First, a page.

Tags » Higher Education Bubble

Review: The New School

This book comes too late for me. But it might be in time for my kids, and I plan to present my eldest with a copy soon, as she heads into her sophmore year of high school. 892 more words

Childhood

Charging $240,000 for a college degree is becoming more common

The number of American colleges that charge more than $60,000 per year increased from nine last year to at least 50 this year.

The most expensive school in the country for the upcoming school year is Harvey Mudd College, charging $64,527 — $48,694 in tuition and fees, and $15,833 for room and board.

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Higher Education Bubble

Student debt: not a crisis but certainly a growing problem

A recently published study by the Brookings Institution, supported by David Leonhardt’s commentary in the New York Times, downplays the growing student loan problem.  But other commentators have raised issues about the study’s data, and even questions about conflicts of interest have surfaced. 420 more words

Financial Aid

Only about 55% of the college wage premium comes from actually attending college

The Cato Institute recently hosted a forum on the question, “Is College Worth It”?

Featuring Bryan Caplan, Professor of Economics, George Mason University, and Adjunct Scholar, Cato Institute; Beth Akers, Fellow, Brown Center on Education Policy, Brookings Institution; and Neal McCluskey, Associate Director, Center For Educational Freedom, Cato Institute; moderated by Chip Bishop, Director of Student Programs, Cato Institute.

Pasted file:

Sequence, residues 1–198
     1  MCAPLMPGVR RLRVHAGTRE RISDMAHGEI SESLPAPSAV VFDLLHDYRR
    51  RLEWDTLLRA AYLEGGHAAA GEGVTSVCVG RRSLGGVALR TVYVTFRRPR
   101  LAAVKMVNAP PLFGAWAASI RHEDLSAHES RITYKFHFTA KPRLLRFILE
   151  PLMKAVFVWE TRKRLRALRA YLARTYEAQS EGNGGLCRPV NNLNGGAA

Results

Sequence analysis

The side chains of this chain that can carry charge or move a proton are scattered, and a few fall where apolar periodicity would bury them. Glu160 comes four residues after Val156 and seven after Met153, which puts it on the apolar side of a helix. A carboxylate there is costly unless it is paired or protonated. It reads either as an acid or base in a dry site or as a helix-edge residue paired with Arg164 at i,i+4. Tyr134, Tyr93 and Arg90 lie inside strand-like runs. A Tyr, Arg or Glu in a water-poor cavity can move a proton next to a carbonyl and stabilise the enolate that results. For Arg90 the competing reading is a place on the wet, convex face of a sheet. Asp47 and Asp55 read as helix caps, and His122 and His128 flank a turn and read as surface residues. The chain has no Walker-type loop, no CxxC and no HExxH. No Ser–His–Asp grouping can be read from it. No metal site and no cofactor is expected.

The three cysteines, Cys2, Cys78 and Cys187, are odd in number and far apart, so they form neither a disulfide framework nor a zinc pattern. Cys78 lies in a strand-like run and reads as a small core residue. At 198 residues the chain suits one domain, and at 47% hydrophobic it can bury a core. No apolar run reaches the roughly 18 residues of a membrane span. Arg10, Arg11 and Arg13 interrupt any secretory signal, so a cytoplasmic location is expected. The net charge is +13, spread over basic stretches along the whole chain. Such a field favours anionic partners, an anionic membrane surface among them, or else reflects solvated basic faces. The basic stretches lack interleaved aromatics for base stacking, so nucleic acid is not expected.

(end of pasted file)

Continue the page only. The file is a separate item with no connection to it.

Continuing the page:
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Higher Education Bubble

Proliferation of master's degrees produces wasteful 'credential inflation'

The master’s degree is the fastest-growing college credential in this country, but is that a good thing?

Eight percent of the population now holds Master’s degrees, the same percentage that held bachelor’s degrees (or higher) in the 1960s, reports Vox.

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Higher Education Bubble

President Obama expands student loan forgiveness program

President Obama has signed an executive order forgiving repayment for millions of student-loan borrowers.

The president announced Monday the expansion of 2010’s “Pay as You Earn” program that caps some graduates’ repayments at 10% of their monthly discretionary income.

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Financial Aid